Another “grey” spot on the Vilnius NO2 map is the V. Kudirkos street – Gediminas Avenue intersection, close to the Lithuanian Academy of Music and Theatre. This location measured nitrogen dioxide concentrations of 34.3 micrograms per cubic meter. The map also shows that it is unsafe to breathe in most of the Old Town, Užupis and Naujamiestis districts. Prominent shopping centres – “Mylia” (Kedrai street), “Panorama” (T. Narbuto street), “Ozas”, “Akropolis” (both on Ozas street) – also cannot be viewed as safe havens of fresh air.
“The major cities in Europe such as Paris, Brussels and Milan have been making use of the lockdown, reducing transport flows in their historic city centres and handing streets over to pedestrians and bicycle riders. We call upon the city space planners of Vilnius to do the same. Declaring a part of the city as a non-polluting transport zone would be a massive boost toward choosing cleaner modes of transportation. This would benefit us all,” K. Kupšys is convinced.
This ALCO study is part of a larger study performed across several Eastern European countries. The European Consumer Organisation BEUC helped coordinate the effort of national consumer organisations. In June, ALCO will release results for NO2 tests in Kaunas and Klaipėda. In total, 154 NO2 sensors were placed across Lithuania in February of 2020 thanks to the efforts of the Alliance’s volunteer team, with the last sensors being retrieved on March 8, right before the COVID-19 lockdown was announced, thus its restrictions had no impact on the testing results.
About the Alliance of Lithuanian Consumer Organisations
The Alliance of Lithuanian Consumer Organisations is an alliance of ten non-governmental consumer organisations, which has been operating since 2012. The alliance is the only umbrella organisation in Lithuania representing consumers that is a member of the European Consumer Organisation BEUC. The alliance’s activists act on the EU level, participating in expert groups formed by European institutions (the European Commission, directorates, agencies), the European Economic and Social Committee, the European Consumer Consultative Group and BEUC workgroups. The LVOA’s identification number in the European Union Transparency Register: 506497923503-90. Find out more about the LVOA at www.lvoa.lt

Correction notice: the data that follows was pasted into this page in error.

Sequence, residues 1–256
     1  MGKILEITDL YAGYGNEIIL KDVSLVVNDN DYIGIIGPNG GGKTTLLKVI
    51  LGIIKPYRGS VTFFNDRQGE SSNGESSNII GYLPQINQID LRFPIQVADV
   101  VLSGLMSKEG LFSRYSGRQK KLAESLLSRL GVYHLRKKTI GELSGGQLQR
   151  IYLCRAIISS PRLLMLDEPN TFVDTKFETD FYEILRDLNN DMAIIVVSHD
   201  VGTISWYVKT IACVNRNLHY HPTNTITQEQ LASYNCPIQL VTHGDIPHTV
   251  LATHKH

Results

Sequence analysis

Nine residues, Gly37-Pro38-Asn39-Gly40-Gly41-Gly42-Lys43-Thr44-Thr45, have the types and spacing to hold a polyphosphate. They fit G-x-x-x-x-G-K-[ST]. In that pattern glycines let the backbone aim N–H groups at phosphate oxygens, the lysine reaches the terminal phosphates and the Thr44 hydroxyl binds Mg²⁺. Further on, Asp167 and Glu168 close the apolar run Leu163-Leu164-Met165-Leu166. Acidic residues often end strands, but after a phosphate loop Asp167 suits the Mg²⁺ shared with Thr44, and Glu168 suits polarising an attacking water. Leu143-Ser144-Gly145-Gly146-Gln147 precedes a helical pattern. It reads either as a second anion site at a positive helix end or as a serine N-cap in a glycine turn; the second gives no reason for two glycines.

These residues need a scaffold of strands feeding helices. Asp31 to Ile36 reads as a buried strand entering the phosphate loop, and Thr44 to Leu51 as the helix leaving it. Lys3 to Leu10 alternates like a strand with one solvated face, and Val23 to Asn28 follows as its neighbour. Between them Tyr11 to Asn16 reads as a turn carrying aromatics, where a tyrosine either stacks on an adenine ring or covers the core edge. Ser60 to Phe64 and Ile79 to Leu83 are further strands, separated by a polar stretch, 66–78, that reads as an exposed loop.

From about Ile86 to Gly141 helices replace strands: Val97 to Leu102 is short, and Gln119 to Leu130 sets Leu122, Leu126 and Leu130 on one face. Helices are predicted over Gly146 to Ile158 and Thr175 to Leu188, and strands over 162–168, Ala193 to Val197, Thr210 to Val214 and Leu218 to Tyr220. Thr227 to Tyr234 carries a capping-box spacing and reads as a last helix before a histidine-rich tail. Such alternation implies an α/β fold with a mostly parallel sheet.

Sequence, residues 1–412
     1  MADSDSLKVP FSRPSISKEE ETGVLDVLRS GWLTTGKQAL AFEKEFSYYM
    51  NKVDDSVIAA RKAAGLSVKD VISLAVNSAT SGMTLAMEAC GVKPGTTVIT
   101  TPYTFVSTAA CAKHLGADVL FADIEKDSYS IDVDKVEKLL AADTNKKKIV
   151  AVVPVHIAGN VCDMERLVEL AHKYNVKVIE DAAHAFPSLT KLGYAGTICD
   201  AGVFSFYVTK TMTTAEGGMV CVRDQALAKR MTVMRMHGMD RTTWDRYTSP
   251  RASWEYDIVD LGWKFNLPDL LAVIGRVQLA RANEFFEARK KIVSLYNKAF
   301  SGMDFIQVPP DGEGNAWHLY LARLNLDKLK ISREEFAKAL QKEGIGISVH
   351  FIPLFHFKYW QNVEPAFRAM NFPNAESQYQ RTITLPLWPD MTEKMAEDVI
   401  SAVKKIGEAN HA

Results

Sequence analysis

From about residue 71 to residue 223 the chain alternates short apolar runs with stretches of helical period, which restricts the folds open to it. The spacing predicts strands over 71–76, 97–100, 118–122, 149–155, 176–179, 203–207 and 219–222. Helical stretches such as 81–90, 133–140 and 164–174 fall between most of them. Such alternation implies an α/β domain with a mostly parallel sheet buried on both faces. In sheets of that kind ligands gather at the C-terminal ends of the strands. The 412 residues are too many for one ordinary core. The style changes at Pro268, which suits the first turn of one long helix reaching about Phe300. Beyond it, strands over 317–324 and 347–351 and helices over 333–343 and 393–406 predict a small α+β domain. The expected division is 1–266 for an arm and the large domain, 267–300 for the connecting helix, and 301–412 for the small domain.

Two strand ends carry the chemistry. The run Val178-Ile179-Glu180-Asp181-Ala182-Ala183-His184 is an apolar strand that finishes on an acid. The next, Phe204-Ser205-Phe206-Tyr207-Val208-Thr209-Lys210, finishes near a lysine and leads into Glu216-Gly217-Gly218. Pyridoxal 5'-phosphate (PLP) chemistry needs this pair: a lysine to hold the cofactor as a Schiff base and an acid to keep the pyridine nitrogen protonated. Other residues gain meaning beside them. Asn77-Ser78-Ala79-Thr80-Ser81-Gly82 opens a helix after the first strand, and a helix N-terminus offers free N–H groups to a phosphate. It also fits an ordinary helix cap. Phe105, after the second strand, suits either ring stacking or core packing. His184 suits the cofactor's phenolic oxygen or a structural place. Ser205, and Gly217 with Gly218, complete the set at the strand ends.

Sources and extra information
Premature death number evaluation in Europe: https://www.eea.europa.eu/highlights/cutting-air-pollution-in-europe (European Environment Agency)
About nitrogen dioxide: Nitrogen dioxide is a reddish-brown gas with a pungent, acrid odour. Nitrogen composites are the product of all combustion processes; however, most of them reach the atmosphere alongside transport exhaust and when burning fuel in heating infrastructure. Usually, it enters the environment in the form of nitrogen oxide (NO), however, under normal atmospheric conditions, NO continues to oxidise to NO2, which is harmful to health. Increased nitrogen dioxide concentrations in the air can irritate the lungs, reduce the body’s resistance to respiratory tract infectious diseases. Furthermore, nitrogen oxides are among the most important components in causing acid rain, which harms plant life. (Source – Environmental Protection Agency, http://oras.gamta.lt/)
Study on the impact of diesel engines on the health of European citizens and expenses in the healthcare system: https://epha.org/ce-delft-health-impacts-costs-diesel-emissions-eu/ (European Public Health Alliance)
National environmental air monitoring statistic air quality study indicators in Lithuania for 2019 (in Lithuanian): http://oras.gamta.lt/files/2019m_Statistiniai_oro_kokybes_tyrimu_rodikliai1589800665154.pdf (Environmental Protection Agency)